Review & Outlook: a record expansion comes to an abrupt halt - what lies ahead?
Global growth is contracting sharply, with more pain expected as the US shutdown in activity is felt across the globe. Finding the right policy response to the twin health and economic crises will be key to the pace and nature of the recovery.
Within weeks a health crisis rapidly turned into an unprecedented economic crisis – with seismic consequences, which are still unfolding. At the time of publication France, Spain and Italy are in lockdown, with the UK applying similar measures more recently.
Schools in over 100 countries, including the US, have been closed. No economy could experience shocks of this magnitude without significant damage.
Schroders’ economists currently expect a contraction in world GDP of just over 3% in 2020 (see chart below), the worst outcome since the 1930s. Investors fear that shutting down of much of the global economy in response to the health crisis will result in a collapse in consumption and widespread corporate distress.
The problem, as former US Treasury Secretary Larry Summers put it, is that “economic time has been stopped, but financial time has not”. Rent, interest payments and wages are all mounting up – while cash flow is set to fall sharply, at least temporarily.
Contributions to global growth by region
This is the conundrum that central banks and governments around the world are struggling to solve. They need to find a policy response that will “mothball the economy”, a solution that will allow businesses and individuals to cope until economies can resume functioning at a more normal level.
Sentiment has not been helped by the collapse in the oil price in early March. Just as the coronavirus started to have an impact on indicators of future global growth, major oil producers were widely expected to agree on an output cut which would support prices. However, geopolitical wrangling between Russia and Saudi Arabia led to a very different outcome, with the latter announcing it would ramp up production. Oil prices have fallen to the lowest level since the 1980s.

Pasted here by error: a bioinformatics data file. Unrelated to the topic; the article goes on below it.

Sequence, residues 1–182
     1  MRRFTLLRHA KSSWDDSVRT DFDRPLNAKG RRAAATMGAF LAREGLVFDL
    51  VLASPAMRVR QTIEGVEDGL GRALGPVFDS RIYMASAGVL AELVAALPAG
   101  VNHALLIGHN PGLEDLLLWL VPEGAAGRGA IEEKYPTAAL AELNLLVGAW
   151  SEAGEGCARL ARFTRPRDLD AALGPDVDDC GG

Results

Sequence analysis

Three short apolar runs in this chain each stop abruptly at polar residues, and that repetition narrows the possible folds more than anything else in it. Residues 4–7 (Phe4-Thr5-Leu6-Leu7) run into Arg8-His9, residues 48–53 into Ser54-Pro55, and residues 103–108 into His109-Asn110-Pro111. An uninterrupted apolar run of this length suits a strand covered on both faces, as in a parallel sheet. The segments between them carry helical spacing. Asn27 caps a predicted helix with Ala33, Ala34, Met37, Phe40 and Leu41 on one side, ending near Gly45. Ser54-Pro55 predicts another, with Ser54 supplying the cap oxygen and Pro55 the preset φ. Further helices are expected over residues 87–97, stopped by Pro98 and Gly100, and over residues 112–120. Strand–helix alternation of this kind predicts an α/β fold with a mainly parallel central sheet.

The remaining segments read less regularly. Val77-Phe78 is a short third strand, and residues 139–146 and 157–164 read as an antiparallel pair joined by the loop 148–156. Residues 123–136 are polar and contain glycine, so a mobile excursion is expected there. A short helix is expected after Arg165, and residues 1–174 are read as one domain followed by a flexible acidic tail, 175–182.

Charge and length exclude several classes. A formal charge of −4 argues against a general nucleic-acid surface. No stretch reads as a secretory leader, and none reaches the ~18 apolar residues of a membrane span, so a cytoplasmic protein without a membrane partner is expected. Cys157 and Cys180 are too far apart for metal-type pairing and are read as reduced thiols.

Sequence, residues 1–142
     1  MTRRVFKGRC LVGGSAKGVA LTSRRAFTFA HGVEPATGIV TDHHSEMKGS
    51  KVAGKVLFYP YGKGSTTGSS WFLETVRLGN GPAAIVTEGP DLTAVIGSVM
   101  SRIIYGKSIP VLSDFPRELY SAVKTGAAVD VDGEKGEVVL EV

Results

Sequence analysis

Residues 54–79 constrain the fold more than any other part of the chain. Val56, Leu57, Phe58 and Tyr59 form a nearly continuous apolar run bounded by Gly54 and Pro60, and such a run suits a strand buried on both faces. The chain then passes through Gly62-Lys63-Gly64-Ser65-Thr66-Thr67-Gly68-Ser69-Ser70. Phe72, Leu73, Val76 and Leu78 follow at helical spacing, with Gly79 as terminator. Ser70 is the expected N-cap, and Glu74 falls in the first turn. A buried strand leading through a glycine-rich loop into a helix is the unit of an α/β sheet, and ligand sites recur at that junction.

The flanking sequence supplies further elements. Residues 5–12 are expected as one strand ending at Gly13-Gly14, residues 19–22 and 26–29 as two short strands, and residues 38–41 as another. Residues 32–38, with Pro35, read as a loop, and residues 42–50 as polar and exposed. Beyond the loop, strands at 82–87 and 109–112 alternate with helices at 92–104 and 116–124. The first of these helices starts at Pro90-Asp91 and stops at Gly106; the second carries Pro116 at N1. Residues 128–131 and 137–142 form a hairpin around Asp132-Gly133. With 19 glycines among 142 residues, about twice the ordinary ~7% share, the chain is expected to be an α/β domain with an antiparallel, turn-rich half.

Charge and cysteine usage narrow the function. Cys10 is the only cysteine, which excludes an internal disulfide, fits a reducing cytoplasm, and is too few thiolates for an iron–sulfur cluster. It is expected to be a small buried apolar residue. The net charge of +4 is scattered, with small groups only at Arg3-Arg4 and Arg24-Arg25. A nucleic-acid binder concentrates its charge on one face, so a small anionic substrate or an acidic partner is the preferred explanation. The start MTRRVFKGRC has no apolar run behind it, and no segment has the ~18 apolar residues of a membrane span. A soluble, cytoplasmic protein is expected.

This toxic cocktail of economic shocks and extreme uncertainty has taken a heavy toll on global equities. When it became clear that the virus was fast spreading beyond China's borders, investors took fright. Over a few short weeks, major global equity indices fell into a bear market (defined as a 20% fall from the peak). Despite a recovery towards the end of March, they remain 20% to 30% below the highs of the year.
The policy challenge
The difficulty for policy makers is that the tools they normally use to handle an economic slowdown are not well suited to the current crisis – and markets know it. Stocks have experienced some of their steepest falls in the wake of central bank interventions, as investors worry that monetary policy can do little to protect the economy from efforts to contain the pandemic.
Even so, major central banks are trying everything in their power. They have quickly applied the lessons they learned in the financial crisis of 2008-09, with measures designed to ensure market liquidity and encourage the flow and fair pricing of credit. The problem is that these tools largely rely on the financial sector to transmit stimulus to the real economy. This takes time, which is not a luxury necessarily available to small businesses or individuals with immediate cash flow requirements.
Governments have been quick to recognise this problem. The UK, France and other European countries have introduced measures including loan guarantees, tax cuts and cash grants to small businesses, which should provide faster relief. The UK has announced income replacement for individuals in a process to be administered by HMRC. The US has announced its own significant measures. Speed will be critical to the success of these initiatives as the benefits must reach their intended recipients before too many jobs and businesses are lost.
Looking to the recovery
Key to recovery will be bringing the pandemic under control and ending the restrictions in force across much of Europe and the US.
The good news is that this is now happening in Asia (see pages 10-11). This has been achieved with restrictions on movement, but also with much more widespread use of testing. And while a vaccine is still some way off, regulators are looking at existing drugs that could be used to treat coronavirus. If these can reduce the strain on national healthcare systems, there will be less need for such draconian measures to prevent its future spread.
The recovery will also depend on policy makers’ ability to protect their economies through any shutdown over the next few months. If they are largely successful, economies should be able to recover rapidly, boosted by the powerful stimulus measures from central banks and governments. Schroders’ economists expect growth to rebound to in excess of 7% in 2021.